The Privileged American: The U.S. Capitulations in Iran, 1856-1979

Availability: In stock
Published: 2014
Page #: xviii + 160
Size: 6 x 9
ISBN: 978-1568593302
bibliography, index, notes


+ Add to Cart

Quick Overview

In Iran, in 1963, the United States conditioned the continued presence of its military missions on receiving immunity for the members of the missions and their dependents. In 1964, the Iranian parliament passed a law that granted partially the American wish. The enactment served as the lightening rod for much of the pent up dissatisfaction and opposition to the Shah’s reliance on the United States and his reform programs. Following a stinging rebuke by Imam Khomeini, the Shah had the fiery cleric arrested and sent into exile abroad. Upon Khomeini’s return to Iran, in 1979, one of the first acts of the Islamic revolutionary government was to repeal the immunity law—the dreaded capitulations. Based largely on primary sources, this volume chronicles the capitulary rights enjoyed by the privileged Americans in Iran at various intervals from 1856 through most of 1979. Naturally, capitulations in Iran has had a long history. The first three chapters acquaint the reader in general to some salient aspects of that history. Chapter 1 examines how the Iran of the Safavids in the sixteenth and seventeenth centuries granted as well as received, on more-or-less equal footing, capitulary rights in the context of international commercial relations and political representation. The subsequent chapters detail the coming of the Russian capitulations (Torkamanchay regime) and along with the extension of similar privileges for the nationals of the other powers, and the dismantling of that regime by Reza Shah is 1928. Chapter 4 traces the establishment of privileges and immunities for the members of one U.S. mission to the next, beginning with an agreement between the Mosaddeq government and the United States relating to the acceptance of American technical assistance. The last chapter analyzes the abolition of the immunity law by the Islamic government in 1979 while a pared down U.S. military mission was still present in the country until the takeover of the U.S. embassy in the November of that year. Not an apologist for capitulary regimes, the author, who views the capitulations as sine quo non of dependency on American assistance, concludes by inquiring whether faced with the same set of urgent needs as the Shah, would not the Islamic government, with or without Khomeini at its helm, have agreed to the continuance of immunity for the American military personnel if their presence in Iran were required by the Iranian government.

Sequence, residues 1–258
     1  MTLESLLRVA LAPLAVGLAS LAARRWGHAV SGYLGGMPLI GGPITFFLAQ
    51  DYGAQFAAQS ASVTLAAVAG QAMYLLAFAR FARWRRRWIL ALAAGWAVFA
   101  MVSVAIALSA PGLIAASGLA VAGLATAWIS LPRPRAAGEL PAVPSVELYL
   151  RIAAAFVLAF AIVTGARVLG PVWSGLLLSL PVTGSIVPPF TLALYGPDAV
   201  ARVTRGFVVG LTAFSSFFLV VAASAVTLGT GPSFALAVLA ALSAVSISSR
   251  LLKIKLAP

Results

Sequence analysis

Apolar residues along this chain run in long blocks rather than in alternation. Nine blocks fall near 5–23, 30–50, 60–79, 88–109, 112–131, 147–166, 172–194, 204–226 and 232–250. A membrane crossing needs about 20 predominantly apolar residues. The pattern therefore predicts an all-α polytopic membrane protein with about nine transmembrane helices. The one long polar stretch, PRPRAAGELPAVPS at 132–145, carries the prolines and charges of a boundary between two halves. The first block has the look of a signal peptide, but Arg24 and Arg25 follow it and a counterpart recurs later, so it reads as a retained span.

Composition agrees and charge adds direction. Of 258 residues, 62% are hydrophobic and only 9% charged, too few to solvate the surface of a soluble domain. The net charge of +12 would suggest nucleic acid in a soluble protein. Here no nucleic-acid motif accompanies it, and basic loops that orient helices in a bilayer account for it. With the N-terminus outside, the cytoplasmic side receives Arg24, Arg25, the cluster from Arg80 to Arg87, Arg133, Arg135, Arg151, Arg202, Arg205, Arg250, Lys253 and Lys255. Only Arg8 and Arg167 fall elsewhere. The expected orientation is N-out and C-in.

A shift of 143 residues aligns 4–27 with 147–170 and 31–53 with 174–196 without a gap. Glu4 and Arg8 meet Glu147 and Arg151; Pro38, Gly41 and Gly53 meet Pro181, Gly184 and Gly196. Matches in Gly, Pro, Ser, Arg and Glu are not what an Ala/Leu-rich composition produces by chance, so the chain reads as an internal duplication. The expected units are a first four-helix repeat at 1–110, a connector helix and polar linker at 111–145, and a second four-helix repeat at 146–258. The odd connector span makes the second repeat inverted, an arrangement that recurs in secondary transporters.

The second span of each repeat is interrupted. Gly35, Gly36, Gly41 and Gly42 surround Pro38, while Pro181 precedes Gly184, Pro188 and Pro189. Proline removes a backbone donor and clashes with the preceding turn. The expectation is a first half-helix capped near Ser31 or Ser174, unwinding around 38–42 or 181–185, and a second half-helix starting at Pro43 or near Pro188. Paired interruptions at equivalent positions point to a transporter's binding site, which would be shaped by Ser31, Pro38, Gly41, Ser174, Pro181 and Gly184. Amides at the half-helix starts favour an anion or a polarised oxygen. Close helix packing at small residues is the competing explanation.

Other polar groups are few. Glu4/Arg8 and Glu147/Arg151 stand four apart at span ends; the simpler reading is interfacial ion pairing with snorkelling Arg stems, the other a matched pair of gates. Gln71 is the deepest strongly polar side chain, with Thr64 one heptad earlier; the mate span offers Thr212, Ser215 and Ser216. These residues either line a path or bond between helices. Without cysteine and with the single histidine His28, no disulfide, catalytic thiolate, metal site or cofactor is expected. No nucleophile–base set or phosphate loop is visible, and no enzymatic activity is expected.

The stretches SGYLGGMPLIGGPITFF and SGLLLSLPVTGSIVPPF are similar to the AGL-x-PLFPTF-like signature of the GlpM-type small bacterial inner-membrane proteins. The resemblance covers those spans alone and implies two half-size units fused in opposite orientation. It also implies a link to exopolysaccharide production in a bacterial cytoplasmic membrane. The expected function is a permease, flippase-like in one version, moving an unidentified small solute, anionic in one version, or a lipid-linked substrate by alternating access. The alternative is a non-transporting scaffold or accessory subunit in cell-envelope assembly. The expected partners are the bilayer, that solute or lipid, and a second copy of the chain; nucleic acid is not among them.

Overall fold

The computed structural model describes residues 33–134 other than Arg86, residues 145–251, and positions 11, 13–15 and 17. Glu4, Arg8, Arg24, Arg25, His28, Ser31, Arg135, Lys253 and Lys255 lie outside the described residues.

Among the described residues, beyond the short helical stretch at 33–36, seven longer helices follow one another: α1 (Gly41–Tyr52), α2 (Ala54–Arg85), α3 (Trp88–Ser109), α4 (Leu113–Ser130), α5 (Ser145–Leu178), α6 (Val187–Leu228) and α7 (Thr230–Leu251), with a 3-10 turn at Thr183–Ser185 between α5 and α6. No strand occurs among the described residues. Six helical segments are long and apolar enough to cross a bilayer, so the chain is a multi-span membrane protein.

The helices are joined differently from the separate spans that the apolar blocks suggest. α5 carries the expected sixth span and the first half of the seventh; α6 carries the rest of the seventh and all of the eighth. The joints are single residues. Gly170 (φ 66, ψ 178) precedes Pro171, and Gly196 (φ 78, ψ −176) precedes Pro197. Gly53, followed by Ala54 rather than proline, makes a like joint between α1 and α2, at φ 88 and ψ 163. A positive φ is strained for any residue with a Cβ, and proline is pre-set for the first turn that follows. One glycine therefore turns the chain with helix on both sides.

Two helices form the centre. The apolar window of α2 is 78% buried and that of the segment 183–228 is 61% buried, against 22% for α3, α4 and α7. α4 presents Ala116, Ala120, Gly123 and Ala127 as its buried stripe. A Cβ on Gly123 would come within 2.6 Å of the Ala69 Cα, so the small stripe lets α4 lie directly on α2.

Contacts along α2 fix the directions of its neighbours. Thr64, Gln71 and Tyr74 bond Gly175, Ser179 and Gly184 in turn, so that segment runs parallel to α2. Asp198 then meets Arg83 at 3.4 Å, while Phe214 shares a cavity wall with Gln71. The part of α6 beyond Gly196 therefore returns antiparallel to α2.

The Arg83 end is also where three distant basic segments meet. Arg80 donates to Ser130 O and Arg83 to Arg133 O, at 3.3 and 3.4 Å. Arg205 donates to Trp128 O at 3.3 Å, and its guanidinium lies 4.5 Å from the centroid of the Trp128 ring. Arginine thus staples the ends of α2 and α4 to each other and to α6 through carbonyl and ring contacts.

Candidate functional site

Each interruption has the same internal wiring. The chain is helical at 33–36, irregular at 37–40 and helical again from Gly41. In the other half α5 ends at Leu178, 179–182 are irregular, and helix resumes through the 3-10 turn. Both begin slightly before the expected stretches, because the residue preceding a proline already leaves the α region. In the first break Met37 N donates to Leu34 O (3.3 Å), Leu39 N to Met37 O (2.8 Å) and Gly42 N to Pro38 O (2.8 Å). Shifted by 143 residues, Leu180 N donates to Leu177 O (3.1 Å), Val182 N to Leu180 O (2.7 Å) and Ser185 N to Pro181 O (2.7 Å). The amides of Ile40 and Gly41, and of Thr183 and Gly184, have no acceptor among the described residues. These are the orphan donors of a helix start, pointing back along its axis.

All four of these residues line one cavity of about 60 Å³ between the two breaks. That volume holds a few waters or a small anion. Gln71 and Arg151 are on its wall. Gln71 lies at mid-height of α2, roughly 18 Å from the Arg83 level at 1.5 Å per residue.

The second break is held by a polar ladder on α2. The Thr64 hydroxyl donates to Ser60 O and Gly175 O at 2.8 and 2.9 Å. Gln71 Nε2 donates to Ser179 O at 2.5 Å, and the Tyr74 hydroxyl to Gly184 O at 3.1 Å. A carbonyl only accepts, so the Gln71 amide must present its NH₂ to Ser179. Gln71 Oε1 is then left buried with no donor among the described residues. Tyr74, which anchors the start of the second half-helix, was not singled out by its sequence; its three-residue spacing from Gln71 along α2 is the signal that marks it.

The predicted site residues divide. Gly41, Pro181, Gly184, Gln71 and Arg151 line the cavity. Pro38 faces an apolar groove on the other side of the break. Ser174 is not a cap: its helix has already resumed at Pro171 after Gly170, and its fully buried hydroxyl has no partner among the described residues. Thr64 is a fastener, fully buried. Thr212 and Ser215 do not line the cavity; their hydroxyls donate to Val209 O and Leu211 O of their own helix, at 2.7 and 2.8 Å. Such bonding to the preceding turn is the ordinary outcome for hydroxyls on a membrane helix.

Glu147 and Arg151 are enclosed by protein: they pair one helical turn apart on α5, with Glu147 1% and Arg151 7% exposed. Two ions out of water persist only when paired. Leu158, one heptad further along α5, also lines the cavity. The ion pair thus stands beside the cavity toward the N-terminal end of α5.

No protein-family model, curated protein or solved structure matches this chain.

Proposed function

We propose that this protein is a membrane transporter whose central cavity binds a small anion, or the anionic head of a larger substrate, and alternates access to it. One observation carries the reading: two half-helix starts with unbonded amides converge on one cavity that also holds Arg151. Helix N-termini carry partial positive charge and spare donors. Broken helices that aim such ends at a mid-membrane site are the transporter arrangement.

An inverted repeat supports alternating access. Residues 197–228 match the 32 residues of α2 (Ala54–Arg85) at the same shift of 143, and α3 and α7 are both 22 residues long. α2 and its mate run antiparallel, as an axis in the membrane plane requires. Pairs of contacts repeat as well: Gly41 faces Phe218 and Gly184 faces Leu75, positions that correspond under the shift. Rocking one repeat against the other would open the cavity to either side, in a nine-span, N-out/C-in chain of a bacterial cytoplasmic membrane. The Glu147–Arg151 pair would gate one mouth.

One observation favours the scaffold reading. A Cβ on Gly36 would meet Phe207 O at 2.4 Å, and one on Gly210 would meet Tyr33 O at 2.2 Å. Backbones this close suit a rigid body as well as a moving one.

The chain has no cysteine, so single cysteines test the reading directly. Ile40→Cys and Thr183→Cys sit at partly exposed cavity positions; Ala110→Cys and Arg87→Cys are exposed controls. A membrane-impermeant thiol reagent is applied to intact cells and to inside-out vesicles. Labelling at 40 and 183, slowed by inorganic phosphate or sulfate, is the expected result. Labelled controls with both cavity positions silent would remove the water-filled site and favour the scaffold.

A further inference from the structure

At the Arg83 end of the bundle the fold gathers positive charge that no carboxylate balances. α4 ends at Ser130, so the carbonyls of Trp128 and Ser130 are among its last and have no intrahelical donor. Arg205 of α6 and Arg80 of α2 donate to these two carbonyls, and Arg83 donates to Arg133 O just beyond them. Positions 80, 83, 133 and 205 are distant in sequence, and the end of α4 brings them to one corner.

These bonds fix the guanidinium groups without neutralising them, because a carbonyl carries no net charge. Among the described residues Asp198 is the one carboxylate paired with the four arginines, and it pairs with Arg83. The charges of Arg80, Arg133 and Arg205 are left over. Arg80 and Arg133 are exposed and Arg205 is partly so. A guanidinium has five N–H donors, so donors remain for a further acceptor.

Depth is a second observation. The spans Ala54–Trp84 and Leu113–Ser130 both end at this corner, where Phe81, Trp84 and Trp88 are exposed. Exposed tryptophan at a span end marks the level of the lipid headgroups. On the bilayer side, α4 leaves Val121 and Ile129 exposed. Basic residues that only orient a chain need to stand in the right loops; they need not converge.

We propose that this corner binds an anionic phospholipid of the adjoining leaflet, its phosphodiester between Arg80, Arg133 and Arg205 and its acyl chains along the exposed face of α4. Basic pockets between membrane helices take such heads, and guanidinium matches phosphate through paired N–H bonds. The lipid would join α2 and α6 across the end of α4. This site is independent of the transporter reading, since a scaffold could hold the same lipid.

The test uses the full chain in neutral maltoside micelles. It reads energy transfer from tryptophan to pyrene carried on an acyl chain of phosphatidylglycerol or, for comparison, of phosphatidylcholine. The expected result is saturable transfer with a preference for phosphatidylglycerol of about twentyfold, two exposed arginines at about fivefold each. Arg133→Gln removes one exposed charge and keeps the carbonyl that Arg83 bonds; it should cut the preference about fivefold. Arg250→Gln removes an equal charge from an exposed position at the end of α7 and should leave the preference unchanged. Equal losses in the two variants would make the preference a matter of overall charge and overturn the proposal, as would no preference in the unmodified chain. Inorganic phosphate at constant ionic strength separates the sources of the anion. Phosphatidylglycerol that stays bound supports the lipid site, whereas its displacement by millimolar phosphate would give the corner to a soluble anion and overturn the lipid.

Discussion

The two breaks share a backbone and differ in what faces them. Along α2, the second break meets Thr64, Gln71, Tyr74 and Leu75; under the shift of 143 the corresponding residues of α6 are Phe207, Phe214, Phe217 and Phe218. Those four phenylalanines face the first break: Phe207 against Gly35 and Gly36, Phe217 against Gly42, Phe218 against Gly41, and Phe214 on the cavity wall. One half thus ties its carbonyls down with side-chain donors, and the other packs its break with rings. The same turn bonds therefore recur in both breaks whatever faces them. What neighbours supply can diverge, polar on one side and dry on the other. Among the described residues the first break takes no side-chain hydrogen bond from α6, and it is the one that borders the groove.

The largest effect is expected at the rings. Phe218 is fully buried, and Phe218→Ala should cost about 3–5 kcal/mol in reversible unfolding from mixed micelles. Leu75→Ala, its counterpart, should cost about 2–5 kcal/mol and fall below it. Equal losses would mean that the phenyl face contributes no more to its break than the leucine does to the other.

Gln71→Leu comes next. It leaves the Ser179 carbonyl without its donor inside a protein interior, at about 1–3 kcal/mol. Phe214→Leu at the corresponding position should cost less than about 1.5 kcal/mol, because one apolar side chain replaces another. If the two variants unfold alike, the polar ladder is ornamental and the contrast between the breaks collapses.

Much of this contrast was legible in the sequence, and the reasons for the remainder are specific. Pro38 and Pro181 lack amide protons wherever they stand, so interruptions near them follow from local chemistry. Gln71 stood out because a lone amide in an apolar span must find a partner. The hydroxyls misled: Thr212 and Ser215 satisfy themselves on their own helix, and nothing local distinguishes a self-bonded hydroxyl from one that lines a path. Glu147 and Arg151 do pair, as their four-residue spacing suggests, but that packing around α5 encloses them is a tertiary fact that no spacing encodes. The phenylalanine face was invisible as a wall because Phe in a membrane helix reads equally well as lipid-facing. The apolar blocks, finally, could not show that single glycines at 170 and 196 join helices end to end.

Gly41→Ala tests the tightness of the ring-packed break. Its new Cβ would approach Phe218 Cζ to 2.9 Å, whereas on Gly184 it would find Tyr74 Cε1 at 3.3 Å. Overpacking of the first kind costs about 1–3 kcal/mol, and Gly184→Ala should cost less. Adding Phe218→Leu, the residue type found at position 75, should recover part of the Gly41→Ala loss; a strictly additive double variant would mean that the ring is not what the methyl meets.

Guive Mirfendereski

Born in 1952 to an Iranian career diplomat, Guive Mirfendereski spent his childhood in The Netherlands, India and Turkey, and his adolescent years in Iran and Switzerland, with frequent prolonged visits to the USSR between 1967 and 1971. A graduate of Don Bosco College (Andisheh) in Tehran, Villa St. Jean (Fribourg, Switzerland), and Collège du Léman (Versoix, Switzerland), he began his university studies at Georgetown University in 1971 and graduated cum laude in 1975 with a bachelor of art degree in Government form the College of Arts and Sciences.